Riker's idea of providing "companionship" for Worf is to invent an animalistic Klingon woman who communicates in growls instead of speech and tries to smack Worf around, which probably says much more about Riker than about Worf...particularly since Worf points out that apart from the initial porn value, he has nothing in common with such a creature and no use for a mate who's none except in the most physical sense of the word. And I find it extremely telling that Riker makes no effort to answer the age-old question of what women want. He implies that Crusher would choose selfless medical knowledge like any good doctor (I'd expect exactly the same of McCoy, Bashir, and Phlox, though Voyager's holographic doctor might have received Data's gift instead). But Riker's onetime love Troi is conveniently absent for his foray into godhood, and Yar, once again, gets nothing to do...Worf's the one leaping at Q from the moment he appears on the bridge. What women seem to want, according to this episode, is a father figure with a shoulder to cry on when they're sent to the penalty box like little girls. Come on, guys, surely you could have come up with more interesting stuff than this!

Once again Picard is left spluttering and making speeches while Riker gets all the action and all the glory; even his feeble decisions seem pro-active compared to Picard's blustering from the sidelines. We know in retrospect that Q's real fixation is on the captain, not his first officer - Q later reveals that if he knew Picard could be tempted by the fairer sex, he would have come to him as a woman, and later still Q shows up in Picard's bed - but here the best banter is saved for Riker, save for the marvelous scene where Patrick Stewart and John de Lancie quote Shakespeare at one another as if competing to see whether the traditional British or maverick American version of one of the most famous soliloquies in English will win the day. (Sorry, Q: Hamlet's glorious "What a piece of work is man!" trumps Macbeth's "tale told by an idiot" in this case.)

But it's Riker who gets the explanation for why Q is there - because the Continuum, apparently stagnating in omniscience, wants to learn about the human desire to learn and evolve - while Picard is left guessing that the Continuum is frightened. And it's interesting to watch Riker appear (and be called) arrogant as he begins to take on characteristics we quite naturally take for granted in a starship captain, calling everyone by their first names, summarily dismissing them and suggesting that some rules were meant to be bent, if not broken. Clearly Riker lacks the cruel streak of so many super-humans (not just Trelane and Mitchell but Henoch, Khan, et al), yet his model for how a human who has fulfilled his potential seems to be Picard. He doesn't quite get what's wrong with trying to fulfill people's wildest dreams without thinking of the consequences, but the consequences seem pretty feeble. Wesley's not being ready for something he will achieve soon enough is one thing, but Data would feel phony as a human? How does he know that without trying it?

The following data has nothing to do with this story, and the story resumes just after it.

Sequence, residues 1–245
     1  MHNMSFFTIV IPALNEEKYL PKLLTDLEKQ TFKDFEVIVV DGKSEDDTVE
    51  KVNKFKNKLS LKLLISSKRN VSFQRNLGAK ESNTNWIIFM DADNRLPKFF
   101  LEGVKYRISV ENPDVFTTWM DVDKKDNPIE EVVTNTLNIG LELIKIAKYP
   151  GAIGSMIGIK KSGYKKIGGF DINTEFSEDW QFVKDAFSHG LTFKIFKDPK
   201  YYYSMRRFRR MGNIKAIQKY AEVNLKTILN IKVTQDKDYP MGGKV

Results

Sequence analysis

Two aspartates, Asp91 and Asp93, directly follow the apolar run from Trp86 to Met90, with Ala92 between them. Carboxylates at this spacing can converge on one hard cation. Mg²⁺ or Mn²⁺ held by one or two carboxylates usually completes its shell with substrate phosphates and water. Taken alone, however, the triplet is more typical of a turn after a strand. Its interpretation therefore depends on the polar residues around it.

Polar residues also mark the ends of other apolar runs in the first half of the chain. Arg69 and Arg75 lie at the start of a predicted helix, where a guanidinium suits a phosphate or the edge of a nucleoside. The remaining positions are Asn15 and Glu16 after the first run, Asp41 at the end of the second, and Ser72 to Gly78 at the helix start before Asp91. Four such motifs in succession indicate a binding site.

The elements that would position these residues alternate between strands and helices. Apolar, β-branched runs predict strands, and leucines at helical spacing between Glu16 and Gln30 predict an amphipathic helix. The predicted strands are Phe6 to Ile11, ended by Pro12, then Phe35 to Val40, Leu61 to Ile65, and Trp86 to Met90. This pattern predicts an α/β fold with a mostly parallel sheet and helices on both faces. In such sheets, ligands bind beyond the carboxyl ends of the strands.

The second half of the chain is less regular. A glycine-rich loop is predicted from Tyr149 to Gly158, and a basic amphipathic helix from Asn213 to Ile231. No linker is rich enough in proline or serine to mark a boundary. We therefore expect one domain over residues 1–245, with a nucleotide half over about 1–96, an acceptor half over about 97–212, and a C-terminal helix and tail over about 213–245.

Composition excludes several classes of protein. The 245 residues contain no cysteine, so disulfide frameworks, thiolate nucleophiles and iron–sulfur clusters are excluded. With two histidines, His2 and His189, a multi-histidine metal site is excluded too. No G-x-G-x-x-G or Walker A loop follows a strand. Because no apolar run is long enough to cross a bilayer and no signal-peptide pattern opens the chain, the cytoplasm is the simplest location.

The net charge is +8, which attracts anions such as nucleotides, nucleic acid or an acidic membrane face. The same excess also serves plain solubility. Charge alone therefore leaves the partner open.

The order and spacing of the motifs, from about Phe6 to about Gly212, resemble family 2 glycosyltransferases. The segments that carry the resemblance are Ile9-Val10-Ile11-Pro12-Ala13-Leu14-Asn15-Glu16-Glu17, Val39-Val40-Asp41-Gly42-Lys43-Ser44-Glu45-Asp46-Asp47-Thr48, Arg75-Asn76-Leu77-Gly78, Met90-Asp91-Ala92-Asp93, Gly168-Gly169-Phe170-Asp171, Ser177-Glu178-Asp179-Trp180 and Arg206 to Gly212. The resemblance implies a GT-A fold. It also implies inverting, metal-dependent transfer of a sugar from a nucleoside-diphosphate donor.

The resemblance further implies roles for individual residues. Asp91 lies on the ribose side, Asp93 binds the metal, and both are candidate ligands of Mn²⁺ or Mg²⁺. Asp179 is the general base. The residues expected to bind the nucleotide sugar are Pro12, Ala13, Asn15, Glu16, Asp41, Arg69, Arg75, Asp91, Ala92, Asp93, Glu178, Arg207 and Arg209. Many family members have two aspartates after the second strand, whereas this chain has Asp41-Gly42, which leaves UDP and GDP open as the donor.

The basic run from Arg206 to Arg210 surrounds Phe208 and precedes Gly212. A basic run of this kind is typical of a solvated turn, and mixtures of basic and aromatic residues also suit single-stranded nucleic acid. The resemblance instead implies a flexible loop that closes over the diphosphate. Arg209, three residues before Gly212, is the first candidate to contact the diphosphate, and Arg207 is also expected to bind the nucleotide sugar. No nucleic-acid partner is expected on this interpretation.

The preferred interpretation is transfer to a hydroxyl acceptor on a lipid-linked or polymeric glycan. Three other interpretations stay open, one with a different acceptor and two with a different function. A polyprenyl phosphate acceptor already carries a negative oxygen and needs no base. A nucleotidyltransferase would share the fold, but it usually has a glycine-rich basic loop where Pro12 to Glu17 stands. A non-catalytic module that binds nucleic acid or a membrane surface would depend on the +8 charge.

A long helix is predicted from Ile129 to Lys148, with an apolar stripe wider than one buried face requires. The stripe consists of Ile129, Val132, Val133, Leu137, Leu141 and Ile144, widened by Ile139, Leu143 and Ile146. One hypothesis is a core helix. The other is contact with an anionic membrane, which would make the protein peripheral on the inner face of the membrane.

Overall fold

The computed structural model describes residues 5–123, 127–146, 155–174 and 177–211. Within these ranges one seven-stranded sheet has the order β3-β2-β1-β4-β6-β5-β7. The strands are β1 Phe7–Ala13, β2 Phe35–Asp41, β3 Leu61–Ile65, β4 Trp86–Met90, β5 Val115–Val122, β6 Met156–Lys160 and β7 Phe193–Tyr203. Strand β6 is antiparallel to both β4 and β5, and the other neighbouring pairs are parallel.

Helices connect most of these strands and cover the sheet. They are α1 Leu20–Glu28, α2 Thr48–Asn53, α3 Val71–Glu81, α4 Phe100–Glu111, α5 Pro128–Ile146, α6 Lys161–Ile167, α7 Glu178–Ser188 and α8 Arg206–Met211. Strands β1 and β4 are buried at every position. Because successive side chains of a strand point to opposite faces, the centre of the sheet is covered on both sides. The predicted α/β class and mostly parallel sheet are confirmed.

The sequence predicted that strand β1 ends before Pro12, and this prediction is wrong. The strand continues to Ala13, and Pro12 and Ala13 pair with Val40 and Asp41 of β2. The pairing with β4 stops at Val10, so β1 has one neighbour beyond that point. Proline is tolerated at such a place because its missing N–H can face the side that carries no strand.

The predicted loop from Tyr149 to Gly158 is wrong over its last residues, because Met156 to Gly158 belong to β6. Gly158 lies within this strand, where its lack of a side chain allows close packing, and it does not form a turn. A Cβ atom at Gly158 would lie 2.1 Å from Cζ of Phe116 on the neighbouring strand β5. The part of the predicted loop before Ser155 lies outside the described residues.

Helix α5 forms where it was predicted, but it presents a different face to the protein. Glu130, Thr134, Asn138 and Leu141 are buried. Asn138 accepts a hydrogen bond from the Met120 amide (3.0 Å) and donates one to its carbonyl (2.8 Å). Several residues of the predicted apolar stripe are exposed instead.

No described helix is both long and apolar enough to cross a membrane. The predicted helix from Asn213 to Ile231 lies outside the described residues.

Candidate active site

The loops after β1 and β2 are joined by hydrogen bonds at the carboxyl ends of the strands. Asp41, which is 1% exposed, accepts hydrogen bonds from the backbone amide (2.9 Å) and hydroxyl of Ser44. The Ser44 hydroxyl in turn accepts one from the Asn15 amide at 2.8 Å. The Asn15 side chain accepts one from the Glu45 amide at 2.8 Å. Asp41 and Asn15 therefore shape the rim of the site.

It's so frustrating that "Hide and Q" fails to hit the mark because it comes so close, more so than any earlier installment. It asks big questions without becoming obnoxiously talky or sanctimonious. It gives us a glimpse of who Riker is at the core - not just a fundamentally decent human being, but one who readily accepts his place even after a taste of omnipotence. And it's really difficult not to have a good time watching Q, who switches off costumes between a Starfleet admiral, a French military leader, a medieval monk and a three-headed serpent, needling his way under Picard's skin with a charm that becomes increasingly obvious with each appearance.


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Find more episode info in the Episode Guide.


Michelle Erica Green is a news writer for the Trek Nation. An archive of her work can be found at The Little Review.